FRI brief 8.5.22
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DADE PHELAN is giving taxpayers the back of his hand.
[Aside: Is there a Texas equivalent to the phrase “Bronx cheer?!?”]
Speaking at an event in West Texas, the Texas House speaker told attendees that his top priority for the next session was to restore a corporate welfare program the legislature failed to renew in 2021.
“Chapter 313” is a tax code provision that allows school districts to offer tax abatements. The state then makes up the lost revenue.
In practice, Chapter 313 has been a primary mechanism by which wind turbines have blighted rural Texas.
Related: Chapter 313 background.
Phelan is confident the house can pass a “more transparent” version of the program. LOL.
Tim Hardin @MemesByTimWhy do #txlege Republican members go out of their way to be socialists? https://t.co/T3UqeWltgn
Chapter 313 is bad on the merits. Special interest tax “carveouts,” by definition, narrow the tax base. A narrower tax base, absent corresponding cuts in spending (lol), will inevitably beget higher rates for remaining taxpayers.
As a statement of priorities, for Phelan to place the desire of a few Austin lobbyists in front of his own party’s priorities speaks for itself.
Finally, this episode illustrates why conservatives must insist 100% of surplus revenues go to property tax relief/elimination. The alternative is to fritter it away along the lines of the manner in which Phelan proposes.
GLENN HEGAR, the Texas comptroller, is being called upon to apply sections (or sextions if you’d like) of the tax code regarding “sexually oriented business” to drag shows.
It’s a novel interpretation of a statute that is surprisingly on the books, in the first place. So long as it is, however, might as well use it for this more useful purpose.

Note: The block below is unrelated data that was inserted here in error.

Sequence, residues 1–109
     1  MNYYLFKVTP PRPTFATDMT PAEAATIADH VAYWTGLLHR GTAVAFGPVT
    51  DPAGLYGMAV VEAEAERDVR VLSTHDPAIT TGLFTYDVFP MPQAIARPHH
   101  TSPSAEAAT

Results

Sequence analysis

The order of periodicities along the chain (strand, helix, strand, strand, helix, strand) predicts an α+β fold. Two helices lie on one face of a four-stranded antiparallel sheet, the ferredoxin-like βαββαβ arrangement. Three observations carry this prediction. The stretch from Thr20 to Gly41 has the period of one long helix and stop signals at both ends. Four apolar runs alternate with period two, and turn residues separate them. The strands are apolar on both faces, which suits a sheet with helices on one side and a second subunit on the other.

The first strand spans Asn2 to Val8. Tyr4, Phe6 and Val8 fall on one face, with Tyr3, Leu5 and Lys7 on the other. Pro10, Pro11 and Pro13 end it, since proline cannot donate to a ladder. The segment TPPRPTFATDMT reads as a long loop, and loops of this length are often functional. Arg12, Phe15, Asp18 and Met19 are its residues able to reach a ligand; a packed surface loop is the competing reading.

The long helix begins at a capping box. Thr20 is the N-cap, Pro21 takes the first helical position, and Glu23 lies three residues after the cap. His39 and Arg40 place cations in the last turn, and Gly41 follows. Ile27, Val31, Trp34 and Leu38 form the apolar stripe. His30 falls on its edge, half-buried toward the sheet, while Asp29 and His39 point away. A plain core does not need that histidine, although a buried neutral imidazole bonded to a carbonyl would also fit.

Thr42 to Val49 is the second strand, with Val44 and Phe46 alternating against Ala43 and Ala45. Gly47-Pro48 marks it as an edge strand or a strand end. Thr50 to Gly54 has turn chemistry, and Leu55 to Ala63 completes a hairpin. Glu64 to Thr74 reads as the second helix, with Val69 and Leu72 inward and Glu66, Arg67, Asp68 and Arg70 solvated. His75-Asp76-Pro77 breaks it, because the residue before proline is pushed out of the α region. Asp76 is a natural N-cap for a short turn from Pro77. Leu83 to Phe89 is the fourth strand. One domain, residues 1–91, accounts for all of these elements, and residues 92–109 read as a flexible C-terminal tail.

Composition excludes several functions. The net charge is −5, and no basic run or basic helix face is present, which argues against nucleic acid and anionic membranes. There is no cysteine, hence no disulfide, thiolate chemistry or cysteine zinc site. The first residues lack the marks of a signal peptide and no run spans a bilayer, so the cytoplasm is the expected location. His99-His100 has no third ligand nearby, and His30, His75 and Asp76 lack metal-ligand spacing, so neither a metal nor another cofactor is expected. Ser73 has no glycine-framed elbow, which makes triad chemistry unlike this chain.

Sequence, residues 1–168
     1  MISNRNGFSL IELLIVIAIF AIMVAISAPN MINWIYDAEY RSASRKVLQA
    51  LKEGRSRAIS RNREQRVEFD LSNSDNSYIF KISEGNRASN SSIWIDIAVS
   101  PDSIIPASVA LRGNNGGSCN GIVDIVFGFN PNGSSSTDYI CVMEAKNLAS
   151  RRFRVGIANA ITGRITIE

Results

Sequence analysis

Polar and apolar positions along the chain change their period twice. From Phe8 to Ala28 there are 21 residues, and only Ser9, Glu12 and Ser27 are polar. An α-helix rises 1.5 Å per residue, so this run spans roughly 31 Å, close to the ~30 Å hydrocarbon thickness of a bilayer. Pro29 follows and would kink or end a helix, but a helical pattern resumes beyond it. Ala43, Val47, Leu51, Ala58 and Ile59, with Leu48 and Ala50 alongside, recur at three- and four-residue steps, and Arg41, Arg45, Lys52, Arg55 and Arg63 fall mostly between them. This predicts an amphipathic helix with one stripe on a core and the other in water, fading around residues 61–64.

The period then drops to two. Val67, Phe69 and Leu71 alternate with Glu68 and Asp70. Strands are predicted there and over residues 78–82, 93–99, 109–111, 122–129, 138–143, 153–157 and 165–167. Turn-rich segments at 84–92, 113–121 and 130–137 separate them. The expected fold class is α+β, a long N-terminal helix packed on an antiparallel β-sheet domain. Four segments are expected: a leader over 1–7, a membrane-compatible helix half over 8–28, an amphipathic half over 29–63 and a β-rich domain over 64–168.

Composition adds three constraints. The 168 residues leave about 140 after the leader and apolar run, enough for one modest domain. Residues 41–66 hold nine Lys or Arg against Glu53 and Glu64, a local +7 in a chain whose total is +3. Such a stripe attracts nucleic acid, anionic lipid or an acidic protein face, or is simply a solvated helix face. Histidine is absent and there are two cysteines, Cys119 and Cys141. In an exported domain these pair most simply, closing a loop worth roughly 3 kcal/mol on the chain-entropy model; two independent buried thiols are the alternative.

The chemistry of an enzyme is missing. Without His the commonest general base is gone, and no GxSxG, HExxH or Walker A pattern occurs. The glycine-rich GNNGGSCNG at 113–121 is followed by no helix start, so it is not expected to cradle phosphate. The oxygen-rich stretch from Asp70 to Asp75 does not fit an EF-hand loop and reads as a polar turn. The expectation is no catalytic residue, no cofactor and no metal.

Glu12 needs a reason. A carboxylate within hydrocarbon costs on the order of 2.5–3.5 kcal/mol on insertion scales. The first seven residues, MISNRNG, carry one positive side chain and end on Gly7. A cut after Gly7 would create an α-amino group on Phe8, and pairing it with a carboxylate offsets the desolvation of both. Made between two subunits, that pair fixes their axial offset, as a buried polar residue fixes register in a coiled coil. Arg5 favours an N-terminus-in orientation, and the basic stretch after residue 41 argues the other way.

Texas’ so-called “pole tax” was enacted by the legislature in the mid-2000s. The idea was to tax a politically unpopular group (strip club patrons) to fund a politically popular service (rape survivor counseling). While the law failed at its original objective, it remains on the books 15 years later.
Now, citizens are calling upon Hegar to apply that law too well, this:
Setting aside the merits of strip club regulation, there’s no planet on which the rules that apply to strip clubs don’t apply to the conduct seen above.
It’s the “weirdo gender ideology” equivalent to busting Al Capone for income taxes.
JUSTIN BERRY, two times failed Texas house candidate, has been appointed to the Texas Commission on Law Enforcement by Greg Abbott. Abbott endorsed Berry in each (failed) effort at public office.
Berry, an Austin cop and vice president of the local cop union, is simultaneously facing (likely politicized) charges related to use of force complaints during the Summer 2020 craziness. While we sympathize with Berry in the specific context of that indictment, he’s nevertheless been a longstanding opponent of public transparency on these matters.
On a (potentially) related note, so-called G-files are poised to become a more significant issue in the coming years.
G-files are placed in an officer’s personnel file for misconduct when they’re investigated but not disciplined. They’re not currently available to the public, and cop unions want to keep it that way.
Berry’s new position helps the cop unions maintain that status quo.
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